Ménard was proud to involve BMO in Montreal’s 375th anniversary celebrations in 2017.

Sports fan and Expos defender

Ménard’s love of sports was displayed by his contribution to the local sports scene. As chairman of the Montreal Expos baseball club in the 1990s, he dedicated much effort to keeping the team in the city. Since its departure in 2004, he continued to publicly discuss the possibility of a new Montreal professional baseball team. He served as president of the Ordre des jeux du Québec in 1994 and was also a director of the Montreal Alouettes.

Furthermore, Ménard made great contributions in the field of health. He co-chaired a fundraising campaign for Sainte-Justine’s Hospital Foundation and later served as governor of that organization. The Montreal Heart Institute awarded him a Medal of Honour for his work in advancing the hospital.

In 2004, the Quebec government appointed Ménard chair of the Task Force on the Sustainability of the Quebec Health Care and Social Services System, which presented the Ménard Report on the financial stability of the provincial health program in 2005.

‘A man for others’

In an interview with Le Devoir in 2015, Ménard said, “As citizens, we are used to hearing that we have rights. I also like to think that we have duties that come with those rights.”

Ménard embodied the Jesuit motto, “a man for others,” of his alma mater, Loyola College, one of Concordia’s founding institutions. He attributed his passion for charitable work and philanthropy to his Catholic education and his experience as a scout in his youth, as well as a conscious decision to help others.

His efforts and achievements have been recognized by several private organizations and all three levels of government.

L. Jacques Ménard L. Jacques Ménard, pictured with Governor General David Johnston, was promoted to Companion of the Order of Canada in 2006.

Ménard was awarded the highest level of the Order of Canada, Companion, and received the Queen Elizabeth II Diamond Jubilee Medal in 2012. He was a Commander of the Ordre de Montréal and in June 2017 was promoted to the rank of Grand Officer, the highest honour of the National Order of Quebec, for his exceptional contribution to Quebec’s prosperity and wealth of expertise.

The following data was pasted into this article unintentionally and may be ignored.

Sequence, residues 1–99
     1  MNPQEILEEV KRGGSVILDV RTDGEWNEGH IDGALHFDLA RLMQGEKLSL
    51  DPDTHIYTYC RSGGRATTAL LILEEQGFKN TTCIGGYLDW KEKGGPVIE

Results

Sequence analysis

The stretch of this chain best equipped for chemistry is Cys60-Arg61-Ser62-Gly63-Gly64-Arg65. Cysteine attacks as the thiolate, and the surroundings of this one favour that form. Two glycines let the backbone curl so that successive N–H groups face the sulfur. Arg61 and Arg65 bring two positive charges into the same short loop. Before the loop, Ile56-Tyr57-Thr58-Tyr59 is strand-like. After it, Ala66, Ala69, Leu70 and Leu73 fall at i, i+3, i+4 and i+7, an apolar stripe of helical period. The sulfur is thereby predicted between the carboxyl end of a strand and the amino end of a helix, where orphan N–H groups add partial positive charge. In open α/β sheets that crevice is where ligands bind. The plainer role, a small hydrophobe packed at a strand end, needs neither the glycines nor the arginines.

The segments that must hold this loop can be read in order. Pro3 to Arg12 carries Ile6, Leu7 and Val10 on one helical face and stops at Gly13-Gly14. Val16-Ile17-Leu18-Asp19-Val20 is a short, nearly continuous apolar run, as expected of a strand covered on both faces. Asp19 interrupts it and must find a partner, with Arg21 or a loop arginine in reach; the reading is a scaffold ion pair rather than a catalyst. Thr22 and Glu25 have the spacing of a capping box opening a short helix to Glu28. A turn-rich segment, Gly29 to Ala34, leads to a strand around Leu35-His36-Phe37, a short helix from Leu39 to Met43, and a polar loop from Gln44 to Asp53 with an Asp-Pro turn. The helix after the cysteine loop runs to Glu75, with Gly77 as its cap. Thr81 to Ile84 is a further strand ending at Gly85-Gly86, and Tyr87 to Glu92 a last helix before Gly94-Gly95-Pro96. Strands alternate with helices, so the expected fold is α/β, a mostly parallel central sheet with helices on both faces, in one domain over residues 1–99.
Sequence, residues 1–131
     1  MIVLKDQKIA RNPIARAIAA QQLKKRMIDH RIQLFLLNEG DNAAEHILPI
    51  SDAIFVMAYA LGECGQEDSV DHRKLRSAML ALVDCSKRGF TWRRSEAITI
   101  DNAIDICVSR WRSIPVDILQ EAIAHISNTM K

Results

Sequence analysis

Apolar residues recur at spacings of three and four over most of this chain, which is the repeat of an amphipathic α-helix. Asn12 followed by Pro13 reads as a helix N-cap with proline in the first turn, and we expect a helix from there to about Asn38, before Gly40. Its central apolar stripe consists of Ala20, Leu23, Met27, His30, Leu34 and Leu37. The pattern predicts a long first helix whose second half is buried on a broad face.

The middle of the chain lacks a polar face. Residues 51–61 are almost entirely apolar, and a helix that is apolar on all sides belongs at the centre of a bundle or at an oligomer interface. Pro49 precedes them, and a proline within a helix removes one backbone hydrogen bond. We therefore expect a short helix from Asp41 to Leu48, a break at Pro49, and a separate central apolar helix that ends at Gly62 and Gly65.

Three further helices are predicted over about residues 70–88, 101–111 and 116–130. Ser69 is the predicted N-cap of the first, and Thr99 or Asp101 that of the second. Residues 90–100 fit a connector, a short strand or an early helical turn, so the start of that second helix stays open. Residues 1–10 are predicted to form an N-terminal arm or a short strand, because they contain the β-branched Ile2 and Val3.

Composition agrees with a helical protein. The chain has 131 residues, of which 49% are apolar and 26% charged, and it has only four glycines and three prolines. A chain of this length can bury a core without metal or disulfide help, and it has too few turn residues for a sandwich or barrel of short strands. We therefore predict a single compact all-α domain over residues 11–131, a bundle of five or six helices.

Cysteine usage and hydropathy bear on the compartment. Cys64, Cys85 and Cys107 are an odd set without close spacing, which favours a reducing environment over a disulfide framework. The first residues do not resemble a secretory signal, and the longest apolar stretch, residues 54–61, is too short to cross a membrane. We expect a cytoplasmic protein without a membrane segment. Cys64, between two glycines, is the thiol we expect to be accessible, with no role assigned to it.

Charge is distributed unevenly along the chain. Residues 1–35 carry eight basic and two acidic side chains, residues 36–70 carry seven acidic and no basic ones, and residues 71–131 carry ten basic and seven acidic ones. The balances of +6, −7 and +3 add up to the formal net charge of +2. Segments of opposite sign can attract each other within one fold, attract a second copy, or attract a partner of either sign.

In 2014, Les Affaires named him the Quebec CEO most involved in the community. In 2015, he received the inaugural Marcel Côté Award for Leadership in Public Policy from the Public Policy Forum of Canada. The same year, he was inducted into the Canadian Investment Industry Association’s Hall of Fame.

Concordia recognized his achievements with an Award of Distinction from the John Molson School of Business in 1993, the Loyola Medal in 1999 and an honorary doctorate in 2006. He also held honorary degrees from several other universities.

In addition to his Concordia degrees, Ménard earned a bachelor’s degree from Collège Ste-Marie, now part of Université du Québec à Montréal, and an MBA from the University of Western Ontario, now Western University.

Despite his remarkable accomplishments, Ménard remained modest, attributing his success in part to chance. In 2013, he told Les Affaires, “I embraced a career that married well with what I loved to do as a citizen, on a human level.”

Ménard is survived by his wife, Marie-José Ratelle, their two children, Louis-Simon and Anne-Valérie, and two grandchildren.